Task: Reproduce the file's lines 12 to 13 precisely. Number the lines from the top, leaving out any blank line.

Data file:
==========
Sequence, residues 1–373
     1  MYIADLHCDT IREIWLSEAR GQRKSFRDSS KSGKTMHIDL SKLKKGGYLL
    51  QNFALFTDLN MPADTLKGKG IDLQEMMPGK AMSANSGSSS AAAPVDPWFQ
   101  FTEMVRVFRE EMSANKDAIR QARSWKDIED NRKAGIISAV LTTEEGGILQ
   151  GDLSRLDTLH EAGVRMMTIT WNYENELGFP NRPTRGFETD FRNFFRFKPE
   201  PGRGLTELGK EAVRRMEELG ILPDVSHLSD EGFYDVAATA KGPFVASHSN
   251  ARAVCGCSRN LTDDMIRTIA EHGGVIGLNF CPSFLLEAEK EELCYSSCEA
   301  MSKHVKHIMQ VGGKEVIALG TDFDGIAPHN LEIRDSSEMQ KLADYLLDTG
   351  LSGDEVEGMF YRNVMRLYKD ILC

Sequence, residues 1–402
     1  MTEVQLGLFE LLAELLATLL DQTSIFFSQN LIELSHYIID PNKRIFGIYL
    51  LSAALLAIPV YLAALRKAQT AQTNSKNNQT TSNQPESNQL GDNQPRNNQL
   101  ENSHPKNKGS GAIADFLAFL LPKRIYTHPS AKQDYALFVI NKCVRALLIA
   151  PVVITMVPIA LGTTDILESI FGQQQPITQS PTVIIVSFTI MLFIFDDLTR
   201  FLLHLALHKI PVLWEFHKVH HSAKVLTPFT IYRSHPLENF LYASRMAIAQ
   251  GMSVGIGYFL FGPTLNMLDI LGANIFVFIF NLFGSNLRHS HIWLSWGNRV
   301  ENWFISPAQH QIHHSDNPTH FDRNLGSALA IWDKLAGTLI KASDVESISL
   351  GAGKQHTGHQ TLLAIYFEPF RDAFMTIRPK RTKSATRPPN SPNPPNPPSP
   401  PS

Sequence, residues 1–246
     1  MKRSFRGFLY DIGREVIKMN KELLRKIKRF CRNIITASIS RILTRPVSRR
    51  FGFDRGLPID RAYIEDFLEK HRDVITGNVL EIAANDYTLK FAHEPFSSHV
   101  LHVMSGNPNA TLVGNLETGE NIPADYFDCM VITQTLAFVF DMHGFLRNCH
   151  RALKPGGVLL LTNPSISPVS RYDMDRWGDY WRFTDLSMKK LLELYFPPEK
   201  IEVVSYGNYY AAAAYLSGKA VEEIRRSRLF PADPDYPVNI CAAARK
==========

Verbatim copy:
    51  LSAALLAIPV YLAALRKAQT AQTNSKNNQT TSNQPESNQL GDNQPRNNQL
   101  ENSHPKNKGS GAIADFLAFL LPKRIYTHPS AKQDYALFVI NKCVRALLIA